Stimpmeter
Apparatus used to measure the speed of a green. It is basically an angled metal piece from which a ball is rolled onto a flat area of the green. Depending upon how far the ball rolls, a "Stimp" reading is determined. The farther the ball rolls, the higher the Stimp reading and the faster the green.
Stipulated Round
The stipulated round consists of playing the holes of the course in their correct sequence unless otherwise authorized by the Committee. The number of holes in a stipulated round is 18 unless a smaller number is authorized by the Committee. The Committee may, for the purpose of settling a tie, extend the stipulated round to as many holes as are required for a match to be won.
Stroke
A shot in golf.
The forward movement of the club made with the intent of hitting the ball.
Stroke Hole
A hole on which a player is entitled to apply a handicap stroke or strokes to his gross score.
Stroke and Distance
Penalty assessed for a ball hit out of bounds or for a lost ball. It involves going back to the spot of the original ball, hitting another ball from there and adding a penalty shot to the score.
Stroke index
The numbers on a scorecard indicating the order of the holes at which a handicap player receives strokes.
Stroke Play (Strokeplay)
Type of competition, also known as medal play, in which the lowest total score (number of strokes) wins.
Stymie
A situation, commonly on a putting green, in which one player's ball is directly in the line of another's. The Rules allow for the ball in the line to be marked and moved, allowing the player farther from the hole to play without obstruction. Stymie is also the generic term given to a situation when any object is between the player and the hole, blocking the normal play toward the hole.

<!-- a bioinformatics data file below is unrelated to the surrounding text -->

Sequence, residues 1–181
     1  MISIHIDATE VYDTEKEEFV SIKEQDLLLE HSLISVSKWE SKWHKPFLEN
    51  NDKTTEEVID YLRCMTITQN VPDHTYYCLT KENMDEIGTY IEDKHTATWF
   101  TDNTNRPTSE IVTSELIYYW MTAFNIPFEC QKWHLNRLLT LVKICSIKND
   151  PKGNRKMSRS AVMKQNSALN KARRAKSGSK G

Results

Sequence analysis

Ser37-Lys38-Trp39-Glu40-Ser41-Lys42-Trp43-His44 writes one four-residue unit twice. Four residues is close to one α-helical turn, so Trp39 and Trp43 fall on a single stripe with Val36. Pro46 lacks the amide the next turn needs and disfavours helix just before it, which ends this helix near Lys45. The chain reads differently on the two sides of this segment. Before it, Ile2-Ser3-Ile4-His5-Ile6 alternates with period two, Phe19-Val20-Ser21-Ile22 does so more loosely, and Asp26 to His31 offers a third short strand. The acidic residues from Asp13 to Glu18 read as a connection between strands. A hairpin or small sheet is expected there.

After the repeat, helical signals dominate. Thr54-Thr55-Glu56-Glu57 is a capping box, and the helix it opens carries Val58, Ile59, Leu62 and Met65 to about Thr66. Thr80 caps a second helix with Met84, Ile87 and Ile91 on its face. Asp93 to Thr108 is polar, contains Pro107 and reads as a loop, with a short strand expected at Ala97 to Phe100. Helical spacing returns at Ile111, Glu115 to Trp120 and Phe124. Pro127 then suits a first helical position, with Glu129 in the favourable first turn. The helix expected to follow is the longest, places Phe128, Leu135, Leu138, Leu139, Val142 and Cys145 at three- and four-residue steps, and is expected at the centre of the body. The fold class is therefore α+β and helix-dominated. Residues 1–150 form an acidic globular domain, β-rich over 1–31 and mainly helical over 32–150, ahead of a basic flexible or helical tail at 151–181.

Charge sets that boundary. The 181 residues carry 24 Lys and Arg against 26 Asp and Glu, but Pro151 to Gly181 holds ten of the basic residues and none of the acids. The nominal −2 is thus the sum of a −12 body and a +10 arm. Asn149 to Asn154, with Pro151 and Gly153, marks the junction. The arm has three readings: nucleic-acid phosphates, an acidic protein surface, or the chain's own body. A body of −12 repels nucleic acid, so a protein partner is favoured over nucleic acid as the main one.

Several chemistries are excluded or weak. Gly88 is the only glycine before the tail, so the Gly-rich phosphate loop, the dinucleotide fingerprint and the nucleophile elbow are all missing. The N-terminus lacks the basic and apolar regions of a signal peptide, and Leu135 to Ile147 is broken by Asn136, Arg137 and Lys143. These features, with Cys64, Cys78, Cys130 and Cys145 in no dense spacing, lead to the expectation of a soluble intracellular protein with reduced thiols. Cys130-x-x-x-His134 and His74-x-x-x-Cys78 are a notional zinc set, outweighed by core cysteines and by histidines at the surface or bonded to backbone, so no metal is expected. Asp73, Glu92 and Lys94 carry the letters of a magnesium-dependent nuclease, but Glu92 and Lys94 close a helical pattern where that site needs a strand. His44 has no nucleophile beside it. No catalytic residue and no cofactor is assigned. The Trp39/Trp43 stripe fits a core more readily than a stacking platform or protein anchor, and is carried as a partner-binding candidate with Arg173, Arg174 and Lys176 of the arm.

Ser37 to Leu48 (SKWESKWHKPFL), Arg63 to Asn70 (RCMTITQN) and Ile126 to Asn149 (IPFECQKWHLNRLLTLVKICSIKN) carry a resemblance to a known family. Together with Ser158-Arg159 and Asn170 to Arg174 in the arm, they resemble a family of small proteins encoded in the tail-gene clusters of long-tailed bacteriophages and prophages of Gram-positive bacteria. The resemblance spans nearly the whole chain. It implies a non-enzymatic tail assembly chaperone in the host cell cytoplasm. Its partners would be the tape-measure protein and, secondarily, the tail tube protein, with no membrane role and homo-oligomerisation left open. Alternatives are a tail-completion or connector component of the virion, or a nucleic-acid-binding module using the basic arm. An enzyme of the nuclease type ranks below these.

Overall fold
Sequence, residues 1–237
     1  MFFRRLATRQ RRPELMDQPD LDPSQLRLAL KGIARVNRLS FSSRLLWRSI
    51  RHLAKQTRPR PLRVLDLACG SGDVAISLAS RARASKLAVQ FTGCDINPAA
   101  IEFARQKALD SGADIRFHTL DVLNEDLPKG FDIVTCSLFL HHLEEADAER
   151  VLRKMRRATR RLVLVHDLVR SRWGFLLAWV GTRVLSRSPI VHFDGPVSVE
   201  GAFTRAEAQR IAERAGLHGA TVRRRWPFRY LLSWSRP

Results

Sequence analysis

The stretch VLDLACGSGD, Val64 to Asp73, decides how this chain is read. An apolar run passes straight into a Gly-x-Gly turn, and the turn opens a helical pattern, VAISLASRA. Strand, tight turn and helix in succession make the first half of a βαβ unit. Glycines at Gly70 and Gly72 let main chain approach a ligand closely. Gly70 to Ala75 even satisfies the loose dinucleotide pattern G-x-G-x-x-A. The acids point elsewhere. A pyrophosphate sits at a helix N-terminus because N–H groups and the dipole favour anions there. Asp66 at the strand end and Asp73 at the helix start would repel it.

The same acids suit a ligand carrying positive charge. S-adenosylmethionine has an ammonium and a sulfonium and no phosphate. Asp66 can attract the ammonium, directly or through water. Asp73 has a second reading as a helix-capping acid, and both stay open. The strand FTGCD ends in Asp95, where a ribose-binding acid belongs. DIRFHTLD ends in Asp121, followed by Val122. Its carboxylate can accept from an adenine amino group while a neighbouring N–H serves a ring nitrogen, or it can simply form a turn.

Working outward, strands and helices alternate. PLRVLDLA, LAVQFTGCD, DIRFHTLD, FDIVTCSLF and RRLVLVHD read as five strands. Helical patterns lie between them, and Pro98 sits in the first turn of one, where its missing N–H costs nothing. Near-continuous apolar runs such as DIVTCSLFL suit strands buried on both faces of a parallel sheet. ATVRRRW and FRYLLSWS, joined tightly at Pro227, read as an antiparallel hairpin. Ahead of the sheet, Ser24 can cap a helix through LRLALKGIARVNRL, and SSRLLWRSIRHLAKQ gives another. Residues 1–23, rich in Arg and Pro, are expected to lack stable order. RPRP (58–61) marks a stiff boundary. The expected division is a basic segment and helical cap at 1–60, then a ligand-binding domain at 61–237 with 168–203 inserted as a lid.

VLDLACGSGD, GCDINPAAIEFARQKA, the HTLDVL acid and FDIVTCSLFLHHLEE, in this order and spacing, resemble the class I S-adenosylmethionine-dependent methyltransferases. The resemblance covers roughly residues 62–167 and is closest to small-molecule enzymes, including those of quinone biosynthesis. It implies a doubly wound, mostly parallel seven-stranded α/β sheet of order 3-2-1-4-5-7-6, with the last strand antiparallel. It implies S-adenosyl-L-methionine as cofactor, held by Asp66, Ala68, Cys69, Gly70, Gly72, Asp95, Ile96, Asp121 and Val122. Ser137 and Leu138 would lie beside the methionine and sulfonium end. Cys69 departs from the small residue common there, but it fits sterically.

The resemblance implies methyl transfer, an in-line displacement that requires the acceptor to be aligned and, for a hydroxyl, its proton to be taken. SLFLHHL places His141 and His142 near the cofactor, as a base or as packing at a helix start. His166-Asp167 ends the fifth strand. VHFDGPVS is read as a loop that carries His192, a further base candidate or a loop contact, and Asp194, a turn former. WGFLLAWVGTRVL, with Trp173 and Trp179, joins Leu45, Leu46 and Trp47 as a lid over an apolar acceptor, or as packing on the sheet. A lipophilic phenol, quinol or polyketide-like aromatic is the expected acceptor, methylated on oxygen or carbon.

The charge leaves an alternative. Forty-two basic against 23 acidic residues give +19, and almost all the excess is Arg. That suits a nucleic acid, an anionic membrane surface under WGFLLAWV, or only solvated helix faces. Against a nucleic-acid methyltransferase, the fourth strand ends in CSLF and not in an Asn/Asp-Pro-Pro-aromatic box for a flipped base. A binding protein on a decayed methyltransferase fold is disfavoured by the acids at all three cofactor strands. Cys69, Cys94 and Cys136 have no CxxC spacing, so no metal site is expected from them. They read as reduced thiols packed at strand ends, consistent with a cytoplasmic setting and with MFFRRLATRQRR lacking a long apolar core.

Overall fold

Sudden Death
A type of playoff among tied individuals or teams at the completion of a competition. As soon as a team or individual makes the highest score on a hole, they are eliminated from play.
Summer Rules
Term given to standard USGA Rules' play. When playing "summer rules", courses are generally in their best shape (in the summer); the ball must be played as it lies except on tees and greens.
Super Senior
A senior PGA Tour player who has reached the age of 60.
Supination
A term made popular by Ben Hogan referring to the rotation and angling of the right wrist during the golf swing.
Sweet Spot
The location on the clubface where the optimal ball-striking results are achieved.
Sweet Swing
Term given to a player who swings at the ball in a skilled manner. A golfer who makes a smooth swing is considered to be a "sweet swinger".
Swing
The movement a golf player makes with his/her club to hit the ball.
Swing Speed (swingspeed)
The speed of the clubface at point of impact with the ball (at the bottom of the swing arc)
Swing Weight (swingweight)
A club's weight distribution around a fixed fulcrum point. The fulcrum point is typically 14" from the butt of the club. It is measured in alpha-numeric units such as D-1, D-2, and so on with higher letter-number units indicating more weight in the head relative to the grip.